Thursday, January 23, 2014

Digital Tutorial: Make Your Own Wallpaper

Happy Thursday!

Today I'll share some information and hopefully some inspiration about making your own wallpaper for your computer, smartphone and/or tablet. I'll cover some general guidelines, but creating wallpaper is much like creating a digital layout--assemble in a pleasing way and done! It's all about what you like.

First, here are some common desktop sizes (in pixels):

  • 1024 x  768 (Fullscreen)
  • 1280 x 1024 (Fullscreen)
  • 1280 x  800 (Widescreen)
  • 1920 x 1080 (Widescreen)

Start with a blank canvas.

There are many others, but this is a good starting point. If you want to check the resolution of your computer's screen, go to the 'Display' setting in the Control Panel and see your specific info. But really, if your wallpaper is a little to big (or small), there are settings that will automatically resize it to proportionally fill your screen, so it's not critical to get the exact number of pixels in your display.

If you want to create for phones or tablets, use these sizes (in pixels):

  •  640 x 1136 (iPhone)
  • 1024 x 1024 (iPad)
  • 2048 x 2048 (iPad Retina Display)

If you're an Android user, please check you specific device, as there are many different screen sizes for Android phones and tablets.

Note, even though an iPad screen isn't square, it's better to create a square wallpaper. When you rotate the screen between portrait and landscape modes, your wallpaper doesn't distort.

Always create your document in pixels and be sure to start at either 72 or 96 ppi for desktop or laptop computers. For iPhones, use 326ppi; for older iPads, 132ppi; for newer, 'retina display' iPads, 264ppi.

Once you've created the file, go to Image -> Image Size and change the resolution to 300ppi. Since all Club Scrap Digital Kit items are saved at 300ppi, it will be easier to create your desktop image at this resolution. When you're ready to save your final JPG, change the resolution back to where you started.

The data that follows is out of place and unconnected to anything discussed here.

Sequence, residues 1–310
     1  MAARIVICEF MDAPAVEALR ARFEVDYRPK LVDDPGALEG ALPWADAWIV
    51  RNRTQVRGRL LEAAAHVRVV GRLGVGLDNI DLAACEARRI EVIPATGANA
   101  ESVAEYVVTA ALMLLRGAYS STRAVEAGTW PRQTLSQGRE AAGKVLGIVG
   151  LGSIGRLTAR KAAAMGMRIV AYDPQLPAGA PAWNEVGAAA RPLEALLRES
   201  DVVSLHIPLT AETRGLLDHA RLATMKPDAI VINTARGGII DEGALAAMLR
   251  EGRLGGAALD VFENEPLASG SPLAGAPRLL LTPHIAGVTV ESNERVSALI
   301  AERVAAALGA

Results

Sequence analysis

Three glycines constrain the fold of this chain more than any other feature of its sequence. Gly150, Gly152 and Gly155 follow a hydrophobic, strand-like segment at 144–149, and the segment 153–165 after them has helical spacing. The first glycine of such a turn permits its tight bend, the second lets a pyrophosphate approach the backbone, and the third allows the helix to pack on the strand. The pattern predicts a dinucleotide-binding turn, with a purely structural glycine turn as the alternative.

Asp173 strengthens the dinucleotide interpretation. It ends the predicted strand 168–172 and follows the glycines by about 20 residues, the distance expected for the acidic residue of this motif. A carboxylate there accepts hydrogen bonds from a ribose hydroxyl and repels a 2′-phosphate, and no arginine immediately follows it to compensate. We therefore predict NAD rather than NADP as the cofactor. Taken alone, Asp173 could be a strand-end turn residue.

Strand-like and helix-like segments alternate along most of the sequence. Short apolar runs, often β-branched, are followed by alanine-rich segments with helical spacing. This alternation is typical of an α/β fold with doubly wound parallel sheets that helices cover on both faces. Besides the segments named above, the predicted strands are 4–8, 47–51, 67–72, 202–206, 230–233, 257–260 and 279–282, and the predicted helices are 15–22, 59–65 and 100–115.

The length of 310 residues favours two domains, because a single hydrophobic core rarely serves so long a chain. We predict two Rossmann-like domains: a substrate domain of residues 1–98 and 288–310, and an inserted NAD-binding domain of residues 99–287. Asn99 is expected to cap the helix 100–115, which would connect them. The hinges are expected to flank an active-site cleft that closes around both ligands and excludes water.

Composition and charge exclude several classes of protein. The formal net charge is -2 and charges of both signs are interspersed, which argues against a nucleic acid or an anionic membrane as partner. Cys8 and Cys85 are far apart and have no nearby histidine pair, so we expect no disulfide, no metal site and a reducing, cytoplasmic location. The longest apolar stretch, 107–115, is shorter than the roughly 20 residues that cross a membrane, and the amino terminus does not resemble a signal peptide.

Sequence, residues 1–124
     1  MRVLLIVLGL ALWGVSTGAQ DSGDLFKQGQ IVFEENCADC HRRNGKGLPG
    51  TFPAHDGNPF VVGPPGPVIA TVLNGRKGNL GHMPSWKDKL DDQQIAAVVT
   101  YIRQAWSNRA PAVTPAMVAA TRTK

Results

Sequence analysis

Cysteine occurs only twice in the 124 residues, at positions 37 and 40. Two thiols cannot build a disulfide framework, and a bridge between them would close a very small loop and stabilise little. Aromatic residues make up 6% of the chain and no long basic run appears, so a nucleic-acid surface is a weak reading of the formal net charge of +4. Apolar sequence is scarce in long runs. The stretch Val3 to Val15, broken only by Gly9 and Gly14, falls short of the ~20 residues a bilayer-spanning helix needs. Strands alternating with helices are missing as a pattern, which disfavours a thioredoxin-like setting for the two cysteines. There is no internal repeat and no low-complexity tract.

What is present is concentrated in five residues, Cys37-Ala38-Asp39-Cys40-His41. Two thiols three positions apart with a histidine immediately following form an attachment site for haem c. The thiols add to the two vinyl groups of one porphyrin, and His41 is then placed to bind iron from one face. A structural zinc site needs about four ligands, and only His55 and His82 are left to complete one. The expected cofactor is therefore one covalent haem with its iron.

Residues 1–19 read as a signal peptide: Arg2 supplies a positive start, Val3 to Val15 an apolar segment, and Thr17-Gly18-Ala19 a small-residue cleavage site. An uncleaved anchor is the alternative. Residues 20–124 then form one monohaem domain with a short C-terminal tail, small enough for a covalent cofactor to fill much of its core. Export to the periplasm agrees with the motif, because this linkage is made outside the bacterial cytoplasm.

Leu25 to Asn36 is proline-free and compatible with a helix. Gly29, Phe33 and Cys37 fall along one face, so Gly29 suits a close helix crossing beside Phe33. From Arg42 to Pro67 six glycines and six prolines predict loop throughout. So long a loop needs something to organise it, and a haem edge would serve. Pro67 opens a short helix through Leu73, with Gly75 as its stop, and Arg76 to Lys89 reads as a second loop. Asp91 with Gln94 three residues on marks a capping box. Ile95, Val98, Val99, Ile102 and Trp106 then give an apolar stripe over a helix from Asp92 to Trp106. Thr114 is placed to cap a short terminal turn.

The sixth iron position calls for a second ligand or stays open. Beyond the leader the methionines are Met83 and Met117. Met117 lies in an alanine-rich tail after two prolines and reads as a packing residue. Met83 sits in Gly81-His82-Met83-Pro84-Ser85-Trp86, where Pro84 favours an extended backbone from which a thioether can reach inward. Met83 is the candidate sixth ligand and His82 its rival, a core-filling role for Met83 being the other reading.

For desktops, subtle patterns tend to work a bit better, especially on the left and right edges, where most of the icons tend to live. Too much 'stuff' happening in the background can make those icons on the desktop a bit more difficult to find.

Add a background.
Playing with layer styles or opacity can help you add some visual 'texture' without  making the background too busy.

And a little extra item for added interest.
If you want to add a calendar to your desktop, there are many sites that have options for calendars in different formats. I like Just download the PDF version of the yearly calendar. When opened in Photoshop, it opens with a transparent background so you can just use the marquee tool to select the desired month and drag it onto your desktop layout. Apply a color overlay to match it to the kit you're using and it's good to go!

You can add various digital embellishments, fibers, photos, etc. exactly the same way you'd add them to a digital layout. Don't forget to add drop shadows where appropriate!

And a few more elements to complete the wallpaper.
Above, you can see that I'm being mindful of the desktop icons typically arranged on the left and right edges of the pane.

Flatten and save your wallpaper at the original desired ppi when you're happy with the design. That's all there is to it! Experiment until you're happy with a layout. Make several and share them! There's a wallpaper swap each month at the Club Scrap Community. You can get more information about the swap HERE.

Now go make your own and have some fun!

See you later!



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